SOCI 3361: Mexican Americans: Identities, Movements, and Social Justice 3(3)
This course focuses on Mexican Americans in the United States and the intersections between identity and social movements that have occurred throughout history in their push for civil, political, and human rights within the realms of citizenship, immigration, economic exploitation, environmental justice, and women’s rights.  

SOCI 3362: Immigration, Racial Politics, and Nation 3(3)
This course examines historical and contemporary diasporas to the United States, with a primary focus on Latinas/os, and the racial/ethnic, sociopolitical, and economic intersections when debating the politics of inclusion/exclusion in a nation.

SOCI 4343: Social and Natural Systems of the US-Mexico Border 3(3)
This course investigates the interaction of human society and the natural environment along the US-Mexico border. Issues such as population growth, resource use, economic development, and environmental degradation will be covered in the context of the border region. Prerequisite: SOCI 1301.

SOCI 4353: Mexican American Families 3(3)
This course will educate students on the structure and culture of Mexican American families. The role of this important institution will be examined in the context of the broader Mexican American experience. Data and empirical research along with significant cultural artifacts important for understanding Mexican American families will be examined.

SOCI 4362: Race and Ethnicity 3(3)
This class focuses on a critical analysis of the concepts of race and ethnicity; the formation of racial and ethnic identities; the imposition of identities on groups and individuals; and the dynamic nature of racial and ethnic labels. Prerequisites: SOCI 1301or ENGL 1302. 

SOCI 4363: Afrx Latinxs: Race, Culture, and Transnationalism 3(3)
Through lectures, readings, film analysis, discussion and writing it is the goal of this course to illuminate the processes, actions, and histories that have impacted the lives of Afrx-Latinx people. This course will illustrate how Afrx-Latinxs are a complex group of people with different experiences in the United States and that are deeply embedded in the histories, locations, structures and institutions of the United States. We will also investigate the structures that organize the migration flows from the Caribbean, Central and South American nations. Prerequisites: SOCI 1301or ENGL 1302.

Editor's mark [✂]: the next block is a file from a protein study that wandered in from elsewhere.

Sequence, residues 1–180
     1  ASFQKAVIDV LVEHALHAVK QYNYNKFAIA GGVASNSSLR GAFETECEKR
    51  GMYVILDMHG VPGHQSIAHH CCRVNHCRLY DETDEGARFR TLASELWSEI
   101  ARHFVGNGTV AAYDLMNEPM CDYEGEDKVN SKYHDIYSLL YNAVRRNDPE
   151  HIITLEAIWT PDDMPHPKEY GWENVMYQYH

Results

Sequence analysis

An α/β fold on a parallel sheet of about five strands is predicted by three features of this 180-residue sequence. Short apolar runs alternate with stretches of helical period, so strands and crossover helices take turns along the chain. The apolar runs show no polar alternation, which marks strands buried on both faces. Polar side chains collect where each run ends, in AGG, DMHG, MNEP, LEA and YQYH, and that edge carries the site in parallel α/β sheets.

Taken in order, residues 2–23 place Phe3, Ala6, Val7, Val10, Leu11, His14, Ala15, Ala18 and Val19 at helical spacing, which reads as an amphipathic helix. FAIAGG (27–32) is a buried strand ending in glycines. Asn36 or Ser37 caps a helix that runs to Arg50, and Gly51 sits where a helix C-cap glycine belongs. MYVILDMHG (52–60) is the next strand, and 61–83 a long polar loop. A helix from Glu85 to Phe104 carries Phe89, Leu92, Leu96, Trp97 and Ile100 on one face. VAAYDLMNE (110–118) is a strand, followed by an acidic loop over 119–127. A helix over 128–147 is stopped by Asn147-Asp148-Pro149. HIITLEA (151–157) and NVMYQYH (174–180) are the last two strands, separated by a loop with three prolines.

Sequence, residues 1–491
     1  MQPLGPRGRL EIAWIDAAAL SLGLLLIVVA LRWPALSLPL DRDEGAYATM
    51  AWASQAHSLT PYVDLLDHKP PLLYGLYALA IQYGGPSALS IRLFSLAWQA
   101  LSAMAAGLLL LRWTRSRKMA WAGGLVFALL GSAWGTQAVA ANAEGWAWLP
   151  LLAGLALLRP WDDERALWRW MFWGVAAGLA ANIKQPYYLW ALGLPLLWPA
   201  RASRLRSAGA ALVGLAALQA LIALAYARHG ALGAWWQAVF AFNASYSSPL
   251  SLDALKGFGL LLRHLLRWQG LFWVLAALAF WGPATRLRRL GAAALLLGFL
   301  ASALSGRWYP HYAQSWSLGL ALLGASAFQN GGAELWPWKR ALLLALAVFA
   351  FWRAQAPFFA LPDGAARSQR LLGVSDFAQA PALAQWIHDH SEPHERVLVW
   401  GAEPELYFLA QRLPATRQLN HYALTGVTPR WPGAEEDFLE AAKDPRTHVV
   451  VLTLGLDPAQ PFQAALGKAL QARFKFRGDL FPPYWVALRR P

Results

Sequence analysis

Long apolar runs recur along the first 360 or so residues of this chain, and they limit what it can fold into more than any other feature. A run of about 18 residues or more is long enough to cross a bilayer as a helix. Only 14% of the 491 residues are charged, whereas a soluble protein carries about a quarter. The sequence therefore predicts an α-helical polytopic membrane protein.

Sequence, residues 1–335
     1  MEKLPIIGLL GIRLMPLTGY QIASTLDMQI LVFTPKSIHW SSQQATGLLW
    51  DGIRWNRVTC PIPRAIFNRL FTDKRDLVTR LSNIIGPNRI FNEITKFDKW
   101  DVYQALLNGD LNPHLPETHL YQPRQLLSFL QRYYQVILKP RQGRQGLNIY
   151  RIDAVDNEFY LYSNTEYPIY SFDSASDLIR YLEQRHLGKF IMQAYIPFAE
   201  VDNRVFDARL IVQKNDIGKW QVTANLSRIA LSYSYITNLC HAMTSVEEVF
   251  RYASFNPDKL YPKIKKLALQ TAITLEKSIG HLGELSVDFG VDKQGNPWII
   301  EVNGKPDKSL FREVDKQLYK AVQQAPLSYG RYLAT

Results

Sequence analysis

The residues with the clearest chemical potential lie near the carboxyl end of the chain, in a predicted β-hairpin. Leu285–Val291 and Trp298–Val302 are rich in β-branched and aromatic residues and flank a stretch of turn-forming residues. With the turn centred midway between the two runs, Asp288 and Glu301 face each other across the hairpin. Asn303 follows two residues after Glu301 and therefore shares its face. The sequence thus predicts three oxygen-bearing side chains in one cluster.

SPAN 3331: Latin American Film History 3(3)
This course examines the inception of film-making as industry and provides an overview of twentieth century cinematic trends, movements and practices.

MGMT 4379 Special Topics in Entrepreneurship: Latino Entrepreneurs and Business Leaders
This course explores Latino entrepreneurs and business leaders from an historical and innovation perspective. Course assignments will include readings, presentations and class discussions to identify the environment, the socio-economic conditions, opportunities, innovative contributions, and history of Latino entrepreneurs and business leaders. Students will also conduct research on current Latino entrepreneurs and business leaders.

EDBL: Multicultural and Human Development 3(3)
This course focuses on examining principal theories that address the linguistic and cultural needs of a diverse population. Included in this course will be the exploration of diversity issues, redefinement of classroom management and planning techniques, teaching strategies and informal and formal assessment practices for culturally and linguistically diverse students. Students will exhibit an understanding of the Texas teacher competencies as outlined in the Pedagogy and Professional portion of the TExES exam.


EDEC: Working with Diverse Families and Young Children 3(3)
This course focuses on understanding the dynamic relationship between families and those who care for young children.  Issues of diversity, family strengths, family stresses and parenting will be discussed.  The course will describe how to support and empower diverse families including utilizing the strengths of families to promote positive collaborations between the home, community and early childhood facility. 


EDRG: Multicultural Children’s Literature 3(3)
Multicultural Children’s Literature is designed to provide a foundation for students who are interested in exploring children and young adult literature that is centered around a Latinx theme. The coursework will engage students with activities and literature to enhance knowledge of implementing materials with children and young adults.